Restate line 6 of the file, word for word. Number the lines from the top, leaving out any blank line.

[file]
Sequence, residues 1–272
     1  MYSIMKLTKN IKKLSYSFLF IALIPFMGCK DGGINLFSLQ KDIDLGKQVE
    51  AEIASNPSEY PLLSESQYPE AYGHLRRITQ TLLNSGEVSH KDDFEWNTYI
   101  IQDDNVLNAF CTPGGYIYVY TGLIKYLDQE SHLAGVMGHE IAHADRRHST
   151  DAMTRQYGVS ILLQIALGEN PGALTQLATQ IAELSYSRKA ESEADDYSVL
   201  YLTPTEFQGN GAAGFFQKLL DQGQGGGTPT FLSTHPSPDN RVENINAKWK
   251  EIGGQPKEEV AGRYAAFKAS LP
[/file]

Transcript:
   201  YLTPTEFQGN GAAGFFQKLL DQGQGGGTPT FLSTHPSPDN RVENINAKWK